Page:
When I was a kid (in fact, even when I was a grad student), grocery
stores gave you green stamps with your purchase (or brown and yellow
plaid stamps if you shopped at Winn-Dixie). The more you
spent, the more stamps you got. You dumped the stamps into a
drawer, and when you decided you needed a new waffle iron, you
dragged them out, unstuck them from each other, and pasted them
into a book. If you had enough books, you took them to a
redemption center and traded them for your waffle iron.
“Waffle iron” isn’t just a random example. This is how I got the
waffle iron I still own.
Frequent traveler programs are today’s green
stamps. When you fly, you get “miles”. When you stay at a hotel,
you get points. With some American Express cards, you get points
whenever you buy anything with the card.
I belong to a lot of these frequent traveler programs. I’ve flown
more than a million miles on Delta, and tens of thousands of miles
on a variety of other airlines. I used to stay in hotel rooms about
a hundred nights a year, and I still stay more than 50 nights a year;
mostly in various Hilton-branded properties. And, because my
company changed its travel card policy a few years
ago and enrolled us all in American Express’s program to soften the
blow, I’ve got lots of “Membership Rewards” points.
Except for Delta Skymiles, I’d never redeemed a point on any of those
programs. I’ve used the Delta points to buy upgrades, to get a
ticket for my wife when she’s joined me on a business trip (and once
to get a ticket for me when I joined her on a business trip), and
even once to get a “free” ticket for a business trip when I couldn’t
upgrade on the least expensive fare. (I’m a big guy, coach seats
are tiny, and it’s a long way from Atlanta to Tokyo and back.)
I’ve never been completely comfortable with the whole idea of frequent
traveler programs. For one thing, my rewards come as the result of
spending that was mostly by my company or our clients, not in
return for my own expenditures. Shouldn’t the party paying the bills
get the rewards? For another, many of these programs deliberately
encourage employees to behave unethically by spending more of their
company’s or clients’ money than is really needed, in order to get
more points or other rewards. I’ve seen it go so far as to become
flat-out kickbacks; one hotel chain offered to give business
travelers a $50 bill every time they checked in.
But that’s all behind me now! I’ve tried to keep the programs from
creating a conflict of interest between my company and me, and after
all, I’ve spent a lot of time on the road for work, and I
might as well get some perks for it. So I decided to use all those
points I’ve accumulated over the years to cover lots of the travel
costs for my summer vacation. The core of the vacation is a northern
European cruise that we’re paying for, but we need to get from the
U.S. to Europe and back, and we need to stay at least one night in
a hotel over there. Surely my points could take care of those
Maybe not. There’s a big difference between frequent traveler programs
and good old green stamps. If you had enough green stamps, they’d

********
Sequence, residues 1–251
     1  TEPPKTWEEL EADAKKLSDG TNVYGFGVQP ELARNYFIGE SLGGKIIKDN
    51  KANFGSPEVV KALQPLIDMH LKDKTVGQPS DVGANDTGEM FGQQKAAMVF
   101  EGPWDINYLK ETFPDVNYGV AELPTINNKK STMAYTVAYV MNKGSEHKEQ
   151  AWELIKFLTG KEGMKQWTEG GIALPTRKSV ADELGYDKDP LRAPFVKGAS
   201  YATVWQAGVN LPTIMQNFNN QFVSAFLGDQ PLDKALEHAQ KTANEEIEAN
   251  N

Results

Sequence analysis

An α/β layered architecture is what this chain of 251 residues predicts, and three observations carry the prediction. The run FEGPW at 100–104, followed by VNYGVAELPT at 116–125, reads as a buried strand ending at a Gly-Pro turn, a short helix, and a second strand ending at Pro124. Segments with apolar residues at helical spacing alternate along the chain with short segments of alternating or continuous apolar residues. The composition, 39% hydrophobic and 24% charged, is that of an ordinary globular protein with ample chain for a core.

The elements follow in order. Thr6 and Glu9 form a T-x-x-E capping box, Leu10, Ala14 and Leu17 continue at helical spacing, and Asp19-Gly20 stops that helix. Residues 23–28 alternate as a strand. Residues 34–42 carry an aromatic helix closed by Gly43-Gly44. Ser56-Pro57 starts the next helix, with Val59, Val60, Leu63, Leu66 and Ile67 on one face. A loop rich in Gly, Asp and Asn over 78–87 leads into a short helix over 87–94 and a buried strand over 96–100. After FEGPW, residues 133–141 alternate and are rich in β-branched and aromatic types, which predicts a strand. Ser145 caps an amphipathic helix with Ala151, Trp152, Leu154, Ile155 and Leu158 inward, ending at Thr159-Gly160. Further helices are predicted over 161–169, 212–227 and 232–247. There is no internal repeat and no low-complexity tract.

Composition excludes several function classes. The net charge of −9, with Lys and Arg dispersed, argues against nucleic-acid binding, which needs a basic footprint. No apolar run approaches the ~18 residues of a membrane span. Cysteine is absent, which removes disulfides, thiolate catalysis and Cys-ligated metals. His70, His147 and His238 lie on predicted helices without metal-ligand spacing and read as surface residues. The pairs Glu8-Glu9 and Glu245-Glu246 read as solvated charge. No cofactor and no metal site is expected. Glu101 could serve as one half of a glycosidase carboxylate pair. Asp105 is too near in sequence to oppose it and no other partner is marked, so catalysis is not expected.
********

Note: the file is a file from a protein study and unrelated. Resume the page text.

give you the waffle iron you wanted. If you have enough points,
you still often can’t get the items you’ve been promised. When
they refuse to let you redeem your points for a reward, it’s
not because they don’t have any of the reward items available. In
fact, they’ll usually tell you that you can always get what you
want just by using cash instead. I say this is classic “bait and
switch,” and it used to be illegal almost anywhere. It’s still
technically illegal, but nobody takes the possibility seriously.
I start looking for travel awards I need:
- A pair of “open jaw” business class tickets from Atlanta to Stockholm, returning
from London? Not available the days I wanted. Not available for
a week either way. Just for kicks, I asked them to check for a
month each way. Nope. Not available. Probably not ever
available, because part of that trip would be on a Delta
SkyTeam partner, and they hardly ever honor free ticket redemptions.
Even though the theoretical ability to do just that is a big
part of Delta’s sales pitch for SkyMiles.
- A pair of round trip business class tickets from Atlanta to London and back?
Nope, not any time anywhere close to when I needed them. That is,
unless I wanted to redeem twice as many miles as the awards
supposedly cost (for a total of 360,000 miles for two tickets).
While I waited on hold with Delta, their recording reminded me that
trips to Europe were very popular and free tickets would be hard
to come by. So I should just buy my tickets instead.
- A pair of round trip business class tickets from Atlanta to London
and back, using Delta’s “partner airlines”, whatever that means
(it’s not the same as SkyTeam)? Yes! We can
fly Delta from Atlanta to Newark, then Continental to London, and
non-stop Delta on the return. (And Continental’s Business First
looks a lot better than Delta’s Business Elite. The seats are
25% wider, for one thing.)
Of course, the dates available are adding a week to our vacation,
which could easily eat up the airfare savings with lodging costs.
Especially with the dollar so weak now, driving up the price of
hotels over there. Also, our cruise starts in Stockholm; we’re
going to have to get there from London. And it doesn’t look like
we can just drive it; there’s a lot of water in the way. So let’s
- A Hilton hotel room in Stockholm? Yes! In fact,